As Lyn and I generally organized ourselves to return to the car and head out, we were abruptly interrupted by an alarmingly strange man. It was not like when one of the mentally ill homeless street people walks up to you and talks about "Kevin", but something similarly eerie. He was very middle aged, and middle America. He was a sight! He wore walking shorts of a color closest to "burnt orange" in your crayola box and a white sleeveless T-shirt. His hair was mostly missing, and the few clumps were sweaty, salt and pepper, and tufted together. He wore black horned rim glasses, just like Tony Curtis in "the Boston Strangler". His outfit was completed with Black nylon knee socks (ending below the knobby knees that were capped by the burnt orange walking shorts) and honest-to-goodness, swear to god, black oxford dress shoes, with the little waxy string laces and the decorative toe design. Who the hell was he?

Have you been following the story? We are about 20 miles out in the countryside, having passed through an implausibly unappetizing industrial area. The two of us are standing alone at a deserted obscure national landmark, now 200 yards from our car after hoofing up a very large hill. This man had obviously just beamed down from a spaceship. Then with a nervous grin, he opened his mouth and spoke. "So, are you folks from out of town?"

What on earth do you say to that question. As I recall, I hedged response was something to the effect of "Maybe, but people know where we are and will be expecting us". He made small talk about our out of state license plates, and we continued to hedge in response, generally strolling our way toward the top of the stairway in case a foot race to the car park might ensue.

Sensing our discomfort (or, more probably, not), he fessed up about who he was. He owned the house directly across the street from the monument (the one that we hadn't noticed, I guessed). He had been working on his lawn, wearing the same lawn mowing outfit I recognized now from my own father and father-in-law, too. That also explained the panting breath and sweaty hair. He had not just arrived victorious from a bludgeoning.

It seems that the folks that take care of this obelisk sight (whoever THEY are), asked him to "keep an eye on the place". They had a lot of trouble with dreaded "teenagers", hanging out, running off the good citizens, and causing a little vandalism. He kept an eye on the parking lot, checking out the license plates and all and springing his "out of nowhere" scare act on mischievous teenagers.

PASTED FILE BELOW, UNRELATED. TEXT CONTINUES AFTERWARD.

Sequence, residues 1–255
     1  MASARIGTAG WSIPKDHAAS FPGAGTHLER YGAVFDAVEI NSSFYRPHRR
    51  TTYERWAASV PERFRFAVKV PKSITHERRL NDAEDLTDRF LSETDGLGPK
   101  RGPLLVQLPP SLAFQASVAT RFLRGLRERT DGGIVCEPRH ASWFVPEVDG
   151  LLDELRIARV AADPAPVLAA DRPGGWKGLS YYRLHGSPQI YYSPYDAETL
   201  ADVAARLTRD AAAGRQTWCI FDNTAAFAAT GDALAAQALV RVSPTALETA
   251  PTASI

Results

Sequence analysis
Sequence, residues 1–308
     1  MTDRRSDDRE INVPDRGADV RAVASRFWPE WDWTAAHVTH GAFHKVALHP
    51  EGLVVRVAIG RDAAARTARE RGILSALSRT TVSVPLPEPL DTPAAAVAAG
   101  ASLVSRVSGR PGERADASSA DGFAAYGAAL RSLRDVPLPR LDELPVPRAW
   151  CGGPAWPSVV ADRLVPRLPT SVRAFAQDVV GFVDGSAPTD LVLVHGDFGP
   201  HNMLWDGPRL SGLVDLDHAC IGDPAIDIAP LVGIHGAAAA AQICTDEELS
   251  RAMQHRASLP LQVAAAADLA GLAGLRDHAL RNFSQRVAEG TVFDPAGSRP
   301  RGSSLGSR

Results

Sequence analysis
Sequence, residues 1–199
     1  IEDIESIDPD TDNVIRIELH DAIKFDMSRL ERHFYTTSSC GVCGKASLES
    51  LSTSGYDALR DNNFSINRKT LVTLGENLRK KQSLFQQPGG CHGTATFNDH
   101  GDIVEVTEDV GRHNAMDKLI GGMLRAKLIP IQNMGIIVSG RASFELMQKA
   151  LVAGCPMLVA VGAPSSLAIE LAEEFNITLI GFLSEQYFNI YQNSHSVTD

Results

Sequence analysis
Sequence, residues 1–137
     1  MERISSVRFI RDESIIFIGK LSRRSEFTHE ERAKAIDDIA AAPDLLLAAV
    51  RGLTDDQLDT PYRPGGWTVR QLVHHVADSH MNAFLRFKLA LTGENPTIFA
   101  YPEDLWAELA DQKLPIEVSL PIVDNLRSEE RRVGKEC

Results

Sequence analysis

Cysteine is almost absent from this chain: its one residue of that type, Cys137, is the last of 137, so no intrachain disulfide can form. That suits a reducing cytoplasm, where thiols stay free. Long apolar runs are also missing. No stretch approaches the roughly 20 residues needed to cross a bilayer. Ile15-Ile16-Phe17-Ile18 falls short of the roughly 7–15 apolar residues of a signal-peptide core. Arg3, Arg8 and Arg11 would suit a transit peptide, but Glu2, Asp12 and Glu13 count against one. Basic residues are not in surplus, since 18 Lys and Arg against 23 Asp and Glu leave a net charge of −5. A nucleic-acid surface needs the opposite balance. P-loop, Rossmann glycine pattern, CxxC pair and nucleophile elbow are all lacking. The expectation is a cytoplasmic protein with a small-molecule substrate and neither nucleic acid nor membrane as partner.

Well with the truth out on him, I explained how we were down from Detroit, and headed from here to Louisville and Indianapolis. He had become quite an aficionado of his deceased and semi-famous neighbor, repeating the pneumonia story and letting us know that Benjamin Harrison in Indianapolis was actually a descendant of William Henry. Then, once again, he popped the question.

Him: "Well you guys seem interested, want to go inside?"
Me: "What??? Ah, no. No. No really that's not necessary. No, we've already got our picture.
Him: "Oh come on, I got the key right here"

And with that, he pulled on one of those retractable cable keychain things that he suddenly had attached to the unbelted belt loop of his burnt orange walking shorts. Before we could stop him, he unlocked the door and opened it, and invited us into the tomb room.

Again, he placed himself between us and the door, and commanded us to take in the scene, reveled in telling us a couple of stories, told us about how the local woman's group visits periodically to refresh the floral arrangements. The president and his wife were entombed, this time in the wall like in a modern mausoleum, although that particular afternoon all I could think of was the morgue, expecting him to slide out a drawer, pull back a sheet, and command us to take it all in.